Lync has some touch-tone commands that can be used to control the phone call – as an attendee, the most important is possibly *6, which mutes/unmutes your phone. Do everyone a favour if you are dialling in to a conference call, and mute your phone when you don’t need to talk. You’ll hear confirmation that “you are now muted” or the reverse, so it should be pretty clear what your current status is. Hopefully no embarassment of you starting to talk while still on mute and wondering why no-one’s listening, or the even less desirable inadvertent heavy breathing that can distract everyone else on the call.

Other touch-tone commands can help to provide the kind of info you can see when you join a conference call using the Lync client directly. Examples:

*1 – plays a list of conferencing commands you can use
*3 – plays a list of other attendees’ names
*4 – Toggle “audience mute”
*6 – Mute yourself
*7 – Lock/unlock the conference
*8 – Admit all participants currently in the lobby
*9 – Enable/disable announcements while entering/exiting

Clearly, some of these are only applicable if you’re a conference leader: it is worth remembering that you can still dial in and control a conference, even if you aren’t able to join from a PC.

Tip o’ the Week #64–Some IE9 tips

This tip was originally written shortly after the release of Internet Explorer 9, however it’s still valid today. IE9 is the fastest, most modern and most secure browser we’ve ever made (some would say, that anyone has made – recent independent analysis from NSS Labs shows IE9 blocking the vast majority of malware, versus all other tested browsers which fared less well – less than 20% effective, in fact).

If you haven’t installed IE9 yet, just head to http://microsoft.com/ie9 and click the “Download Now” – it’s as simple as that. Reasons to install are here, if you need convincing.

What’s new?

There’s a good overview of the new features in IE9, here. Far too many to cover in one Tip o’ the Week – so it’s a subject we will be returning to.

One key usability improvement is the ability to Pin sites to your taskbar, so you can launch them (or return to them) with a single click: just open the site, click on the tab it’s located in, then drag & drop the tab to the taskbar in order to pin it. Another is the simple display of recent & popular sites you’ve visited, when you create a new tab in IE9 by clicking on the clip_image002end of the tabs list, or by pressing CTRL-T.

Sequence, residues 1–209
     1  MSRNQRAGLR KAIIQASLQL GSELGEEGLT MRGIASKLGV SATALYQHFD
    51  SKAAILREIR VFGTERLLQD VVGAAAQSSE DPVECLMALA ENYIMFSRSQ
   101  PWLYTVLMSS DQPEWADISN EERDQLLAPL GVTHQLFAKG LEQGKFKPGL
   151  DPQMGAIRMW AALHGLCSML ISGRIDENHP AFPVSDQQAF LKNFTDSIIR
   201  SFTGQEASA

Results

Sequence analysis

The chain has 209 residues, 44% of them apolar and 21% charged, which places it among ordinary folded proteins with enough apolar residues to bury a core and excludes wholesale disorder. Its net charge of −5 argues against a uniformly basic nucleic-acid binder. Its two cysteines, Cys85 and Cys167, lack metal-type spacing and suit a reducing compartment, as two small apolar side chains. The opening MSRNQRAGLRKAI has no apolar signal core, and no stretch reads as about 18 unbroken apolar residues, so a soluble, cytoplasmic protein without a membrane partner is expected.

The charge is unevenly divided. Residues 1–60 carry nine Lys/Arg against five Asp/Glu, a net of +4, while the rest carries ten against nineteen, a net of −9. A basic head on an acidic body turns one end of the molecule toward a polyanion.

The overall UI is much sleeker and simpler, doing away with lots of icons and even the separate search bar – if you want to search for something, just start typing it into the Address Bar and if it doesn’t get returned via your favourites or your recent history, then it will query your defrault search engine directly from there.

There’s even a “suggestions” option that can be turned on with one click, to suggest search results as you type. This is the off by default, as it would also send keystrokes of URLs you might type in… so the user has to opt in.

Show me the intranet! (add a “/”)

If you enter an intranet URL in the address bar, it will generally try to search online for that “word” – but in the background, IE9 can check if there is a web site available with just that name, and will offer you (displayed at the clip_image003bottom of the screen) the option  of going to that site. Try it with a site you haven’t visited since upgrading – eg hrweb

Once you’ve said “Yes” once to the offer, if you next enter the same phrase, IE9 will check from your history and see that you really did want to go to http://hrweb, rather than search Bing for it…

If you want to force IE9 to take you straight to the intranet site (and miss out the whole “search Bing, then confirm that you do want to go to the intranet..”), simple put a “/” at the end of the term. So you enter “itweb/ into the address bar (not bothering with http:// etc) and IE9 will take you straight to the designated site. Thanks to MSIT’s John Owen for this tip.